Monday, October 27, 2008

Dr. Starr on 1954 Pulitzer-winning storm coverage

I checked in with Dr. Starr about his Distinguished Achievement Award (story here) and also asked him, just out of my own curiosity, for a little background on the Pulitzer. Here's what he says:
There is no finer award for a teacher than one that comes from the students. That award brought honor not for me alone, but also for the Department of Leadership, Education, and Communications.

Yes, I was a reporter, one of the team that helped the Vicksburg MS Post-Herald win the Pulitzer Prize in 1954. All of the reporters -- there weren't that many -- were assigned to cover the aftermath of the tornado. For my part, it was 48 hours of combing the streets, interviewing victims, and law enforcement officers, and national guardsmen about what they saw and heard, and describing the destruction that I saw.

I visited hospitals and interviewed the injured and the survivors (a difficult task for a reporter new to that situation), the doctors, the paramedics, the police, and sheriff's deputies. And I lived on Red Cross coffee and doughnuts.

What impressed me was the number of volunteers, ordinary citizens, who came from up to 200 miles away to help "because I figured they needed my help." That was the days before the special teams that we have today.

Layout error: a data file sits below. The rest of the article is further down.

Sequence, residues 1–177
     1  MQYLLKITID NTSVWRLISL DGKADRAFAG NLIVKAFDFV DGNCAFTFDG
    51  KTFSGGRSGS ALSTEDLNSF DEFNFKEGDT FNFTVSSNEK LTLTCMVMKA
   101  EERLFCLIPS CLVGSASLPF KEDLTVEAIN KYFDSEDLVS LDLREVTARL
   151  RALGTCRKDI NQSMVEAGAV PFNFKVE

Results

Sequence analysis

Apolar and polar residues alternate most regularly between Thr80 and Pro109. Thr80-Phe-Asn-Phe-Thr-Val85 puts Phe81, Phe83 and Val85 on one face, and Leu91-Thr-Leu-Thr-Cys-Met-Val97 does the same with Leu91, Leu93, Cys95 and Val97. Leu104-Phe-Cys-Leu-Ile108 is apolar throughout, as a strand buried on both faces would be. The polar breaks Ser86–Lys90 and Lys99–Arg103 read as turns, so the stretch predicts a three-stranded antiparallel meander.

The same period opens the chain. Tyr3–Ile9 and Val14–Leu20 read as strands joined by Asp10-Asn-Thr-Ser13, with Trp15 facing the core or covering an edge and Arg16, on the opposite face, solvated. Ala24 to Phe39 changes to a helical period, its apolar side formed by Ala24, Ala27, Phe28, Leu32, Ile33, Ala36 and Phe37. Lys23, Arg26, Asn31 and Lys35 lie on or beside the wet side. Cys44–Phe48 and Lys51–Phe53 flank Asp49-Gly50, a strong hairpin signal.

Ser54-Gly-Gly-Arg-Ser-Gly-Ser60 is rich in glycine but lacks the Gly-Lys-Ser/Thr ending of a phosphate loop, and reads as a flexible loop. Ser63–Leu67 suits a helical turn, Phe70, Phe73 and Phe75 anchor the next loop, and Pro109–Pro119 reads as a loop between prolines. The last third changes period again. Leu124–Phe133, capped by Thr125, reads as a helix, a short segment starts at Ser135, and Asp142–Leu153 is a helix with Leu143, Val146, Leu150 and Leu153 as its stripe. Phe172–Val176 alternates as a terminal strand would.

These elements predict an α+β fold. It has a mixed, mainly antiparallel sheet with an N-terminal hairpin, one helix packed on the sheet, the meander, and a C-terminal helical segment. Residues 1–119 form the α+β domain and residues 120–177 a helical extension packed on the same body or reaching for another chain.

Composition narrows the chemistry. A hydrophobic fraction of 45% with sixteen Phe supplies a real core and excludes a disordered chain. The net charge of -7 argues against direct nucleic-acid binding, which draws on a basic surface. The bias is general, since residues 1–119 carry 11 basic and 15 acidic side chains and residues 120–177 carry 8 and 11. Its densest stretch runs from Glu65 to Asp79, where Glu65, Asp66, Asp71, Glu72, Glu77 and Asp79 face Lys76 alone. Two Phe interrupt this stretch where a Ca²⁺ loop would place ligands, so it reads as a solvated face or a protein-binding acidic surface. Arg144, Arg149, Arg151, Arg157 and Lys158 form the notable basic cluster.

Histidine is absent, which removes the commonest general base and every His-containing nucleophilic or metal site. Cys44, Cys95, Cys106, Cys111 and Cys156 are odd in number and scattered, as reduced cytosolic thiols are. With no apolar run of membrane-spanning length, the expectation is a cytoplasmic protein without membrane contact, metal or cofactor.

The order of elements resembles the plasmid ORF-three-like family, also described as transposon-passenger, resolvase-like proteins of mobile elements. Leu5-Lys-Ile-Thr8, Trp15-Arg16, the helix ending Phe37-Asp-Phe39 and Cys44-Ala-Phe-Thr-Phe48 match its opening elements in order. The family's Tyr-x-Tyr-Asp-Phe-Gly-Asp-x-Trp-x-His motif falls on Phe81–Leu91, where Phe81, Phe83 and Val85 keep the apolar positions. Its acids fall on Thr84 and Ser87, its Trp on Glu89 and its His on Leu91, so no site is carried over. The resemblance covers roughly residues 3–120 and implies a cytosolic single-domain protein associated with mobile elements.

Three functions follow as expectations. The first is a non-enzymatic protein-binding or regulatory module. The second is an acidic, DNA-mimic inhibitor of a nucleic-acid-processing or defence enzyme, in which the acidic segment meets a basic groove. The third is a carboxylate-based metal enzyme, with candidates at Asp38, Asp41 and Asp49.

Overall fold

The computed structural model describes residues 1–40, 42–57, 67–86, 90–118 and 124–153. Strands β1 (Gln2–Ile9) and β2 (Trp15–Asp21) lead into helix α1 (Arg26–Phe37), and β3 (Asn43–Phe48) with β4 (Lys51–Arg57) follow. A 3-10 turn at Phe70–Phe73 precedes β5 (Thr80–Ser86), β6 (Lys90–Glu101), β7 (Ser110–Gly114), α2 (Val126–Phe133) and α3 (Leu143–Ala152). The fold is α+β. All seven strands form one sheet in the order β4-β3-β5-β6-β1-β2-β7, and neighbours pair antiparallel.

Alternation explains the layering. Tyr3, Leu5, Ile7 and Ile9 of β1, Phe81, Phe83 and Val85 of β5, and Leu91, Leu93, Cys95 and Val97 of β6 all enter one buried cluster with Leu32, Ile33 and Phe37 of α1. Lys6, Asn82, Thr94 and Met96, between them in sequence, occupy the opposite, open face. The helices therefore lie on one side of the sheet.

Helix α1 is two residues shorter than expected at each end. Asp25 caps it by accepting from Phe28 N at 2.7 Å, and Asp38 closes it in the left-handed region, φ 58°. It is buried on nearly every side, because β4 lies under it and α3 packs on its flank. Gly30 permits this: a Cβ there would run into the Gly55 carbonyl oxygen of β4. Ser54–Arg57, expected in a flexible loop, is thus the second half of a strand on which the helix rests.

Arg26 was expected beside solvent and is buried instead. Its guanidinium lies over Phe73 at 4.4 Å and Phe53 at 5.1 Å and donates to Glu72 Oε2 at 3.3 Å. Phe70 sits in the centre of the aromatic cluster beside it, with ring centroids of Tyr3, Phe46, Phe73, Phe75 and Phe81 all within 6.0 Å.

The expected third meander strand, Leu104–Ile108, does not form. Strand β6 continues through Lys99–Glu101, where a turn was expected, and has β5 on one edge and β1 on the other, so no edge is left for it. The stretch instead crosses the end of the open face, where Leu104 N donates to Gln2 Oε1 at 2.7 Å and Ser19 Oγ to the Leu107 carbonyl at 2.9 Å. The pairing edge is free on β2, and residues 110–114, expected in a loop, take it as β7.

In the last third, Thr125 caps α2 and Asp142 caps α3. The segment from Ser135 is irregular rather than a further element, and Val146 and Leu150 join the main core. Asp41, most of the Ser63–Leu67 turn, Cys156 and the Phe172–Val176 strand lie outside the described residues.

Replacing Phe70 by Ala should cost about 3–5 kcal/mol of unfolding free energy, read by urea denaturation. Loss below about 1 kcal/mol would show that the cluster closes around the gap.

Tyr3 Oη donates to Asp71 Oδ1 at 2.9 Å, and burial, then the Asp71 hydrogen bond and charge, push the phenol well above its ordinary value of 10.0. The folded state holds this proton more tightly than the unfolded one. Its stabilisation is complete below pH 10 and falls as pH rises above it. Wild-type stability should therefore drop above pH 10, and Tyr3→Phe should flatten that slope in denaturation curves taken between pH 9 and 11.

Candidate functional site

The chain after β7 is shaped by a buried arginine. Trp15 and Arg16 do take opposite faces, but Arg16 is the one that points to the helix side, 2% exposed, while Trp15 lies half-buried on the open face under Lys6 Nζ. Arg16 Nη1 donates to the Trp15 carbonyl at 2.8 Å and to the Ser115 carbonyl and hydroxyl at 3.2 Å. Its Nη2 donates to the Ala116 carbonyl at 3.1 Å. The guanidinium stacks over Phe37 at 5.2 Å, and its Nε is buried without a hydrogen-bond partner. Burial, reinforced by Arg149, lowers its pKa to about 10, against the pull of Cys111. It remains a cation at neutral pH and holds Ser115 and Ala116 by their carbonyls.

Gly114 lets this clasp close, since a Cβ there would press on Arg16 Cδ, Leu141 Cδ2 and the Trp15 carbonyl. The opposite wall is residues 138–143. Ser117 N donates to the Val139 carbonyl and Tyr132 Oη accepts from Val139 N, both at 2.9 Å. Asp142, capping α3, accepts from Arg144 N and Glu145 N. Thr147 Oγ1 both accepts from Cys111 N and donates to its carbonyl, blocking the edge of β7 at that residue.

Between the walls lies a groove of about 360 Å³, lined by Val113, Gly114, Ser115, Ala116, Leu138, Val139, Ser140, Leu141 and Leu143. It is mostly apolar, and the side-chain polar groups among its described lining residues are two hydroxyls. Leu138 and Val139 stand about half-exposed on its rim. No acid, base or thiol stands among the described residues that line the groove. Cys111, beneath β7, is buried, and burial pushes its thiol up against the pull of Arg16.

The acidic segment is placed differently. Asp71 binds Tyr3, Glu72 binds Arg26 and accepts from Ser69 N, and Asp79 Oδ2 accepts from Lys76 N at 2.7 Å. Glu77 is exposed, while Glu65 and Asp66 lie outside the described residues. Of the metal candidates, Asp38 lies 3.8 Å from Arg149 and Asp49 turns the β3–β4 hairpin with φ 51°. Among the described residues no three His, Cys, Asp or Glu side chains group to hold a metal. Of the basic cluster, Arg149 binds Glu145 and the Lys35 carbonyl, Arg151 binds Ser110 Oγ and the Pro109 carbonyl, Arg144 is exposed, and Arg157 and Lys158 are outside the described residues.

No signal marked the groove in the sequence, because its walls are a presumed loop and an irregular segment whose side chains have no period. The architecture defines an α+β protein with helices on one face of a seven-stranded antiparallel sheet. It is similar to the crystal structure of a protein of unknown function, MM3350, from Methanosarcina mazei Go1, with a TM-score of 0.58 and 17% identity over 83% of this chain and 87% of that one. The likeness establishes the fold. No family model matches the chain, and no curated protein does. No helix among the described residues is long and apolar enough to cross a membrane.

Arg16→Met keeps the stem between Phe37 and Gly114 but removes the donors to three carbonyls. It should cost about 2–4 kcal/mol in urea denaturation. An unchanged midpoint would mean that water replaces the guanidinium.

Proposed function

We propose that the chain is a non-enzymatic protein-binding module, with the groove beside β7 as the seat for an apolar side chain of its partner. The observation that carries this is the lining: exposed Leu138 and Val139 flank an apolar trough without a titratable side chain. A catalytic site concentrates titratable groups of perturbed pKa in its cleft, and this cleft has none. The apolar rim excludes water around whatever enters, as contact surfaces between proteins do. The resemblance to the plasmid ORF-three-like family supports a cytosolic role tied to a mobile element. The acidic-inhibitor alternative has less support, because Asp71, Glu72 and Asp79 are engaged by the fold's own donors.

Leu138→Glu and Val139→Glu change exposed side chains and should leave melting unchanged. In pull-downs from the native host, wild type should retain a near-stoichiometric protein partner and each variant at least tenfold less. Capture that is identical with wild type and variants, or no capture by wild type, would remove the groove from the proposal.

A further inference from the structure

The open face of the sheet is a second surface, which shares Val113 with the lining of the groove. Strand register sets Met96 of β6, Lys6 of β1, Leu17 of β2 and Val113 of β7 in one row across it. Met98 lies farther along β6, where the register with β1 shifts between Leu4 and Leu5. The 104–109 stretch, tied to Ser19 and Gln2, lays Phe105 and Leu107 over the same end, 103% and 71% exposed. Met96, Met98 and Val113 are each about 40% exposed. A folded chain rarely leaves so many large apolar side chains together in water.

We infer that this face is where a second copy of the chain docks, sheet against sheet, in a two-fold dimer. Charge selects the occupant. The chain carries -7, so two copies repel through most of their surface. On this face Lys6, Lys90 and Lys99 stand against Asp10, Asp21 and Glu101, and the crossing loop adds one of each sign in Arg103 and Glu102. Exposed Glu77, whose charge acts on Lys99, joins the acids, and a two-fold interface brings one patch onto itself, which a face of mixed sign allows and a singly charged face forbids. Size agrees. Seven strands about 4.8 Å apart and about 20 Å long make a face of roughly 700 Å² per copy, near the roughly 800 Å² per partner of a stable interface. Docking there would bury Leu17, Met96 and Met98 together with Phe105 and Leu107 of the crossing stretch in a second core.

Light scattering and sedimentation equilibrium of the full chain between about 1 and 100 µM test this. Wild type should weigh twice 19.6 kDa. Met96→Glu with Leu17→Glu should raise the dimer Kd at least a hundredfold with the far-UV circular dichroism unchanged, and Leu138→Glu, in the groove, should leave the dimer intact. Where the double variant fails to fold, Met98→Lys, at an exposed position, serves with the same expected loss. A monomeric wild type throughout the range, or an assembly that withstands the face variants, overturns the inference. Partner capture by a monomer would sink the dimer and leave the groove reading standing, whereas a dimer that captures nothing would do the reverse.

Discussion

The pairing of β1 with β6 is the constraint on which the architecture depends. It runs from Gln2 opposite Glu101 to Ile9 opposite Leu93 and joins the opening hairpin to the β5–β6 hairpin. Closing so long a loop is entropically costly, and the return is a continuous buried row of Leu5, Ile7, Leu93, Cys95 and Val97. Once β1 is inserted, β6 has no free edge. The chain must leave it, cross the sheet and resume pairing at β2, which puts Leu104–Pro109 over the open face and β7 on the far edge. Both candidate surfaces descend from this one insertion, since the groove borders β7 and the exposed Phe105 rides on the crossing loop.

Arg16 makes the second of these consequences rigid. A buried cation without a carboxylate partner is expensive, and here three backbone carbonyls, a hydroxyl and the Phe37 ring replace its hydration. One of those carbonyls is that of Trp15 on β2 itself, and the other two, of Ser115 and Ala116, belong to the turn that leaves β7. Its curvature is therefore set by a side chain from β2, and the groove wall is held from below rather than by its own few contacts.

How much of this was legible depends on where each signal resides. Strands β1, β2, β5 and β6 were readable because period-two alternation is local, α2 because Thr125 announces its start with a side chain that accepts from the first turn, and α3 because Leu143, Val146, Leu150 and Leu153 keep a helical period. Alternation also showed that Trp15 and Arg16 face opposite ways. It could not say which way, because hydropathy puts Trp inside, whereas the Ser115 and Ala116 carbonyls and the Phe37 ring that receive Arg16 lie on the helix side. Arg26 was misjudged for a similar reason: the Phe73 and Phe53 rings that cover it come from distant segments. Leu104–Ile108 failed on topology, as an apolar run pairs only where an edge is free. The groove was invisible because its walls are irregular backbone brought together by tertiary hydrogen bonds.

True, the power was down, but the telephone lines were out of whack. For some reason, the cityroom telephone was connected to the switchboard of the U.S. Army Corps of Engineers. To make a telephone call, we had to get an outside line from the cityroom and another outside line from the Engineers switchboard.

No matter how good a job we reporters did, the major credit goes to the backshop crew who somehow got power to the presses and put out the newspaper when it was needed.

A year after -- this did not figure in the Pulitzer Prize -- I did an anniversary piece and found that life had returned to normal, except that some families had fewer members. One of the buildings that collapsed was a movie theater. The roof fell down on the matinee audience that consisted mostly of children. Those who hid under the seats survived because the seats held off the roof. Fortunately, not many died.

Similarities are that people, teams and volunteers, helped those in need then and help now, without waiting to be called into action. I saw that in the immediate aftermath of the collapse of Bonfire.

Differences are that, in those days, since there was no television to speak of, people depended upon radio and the newspaper, and both worked to provide what was needed.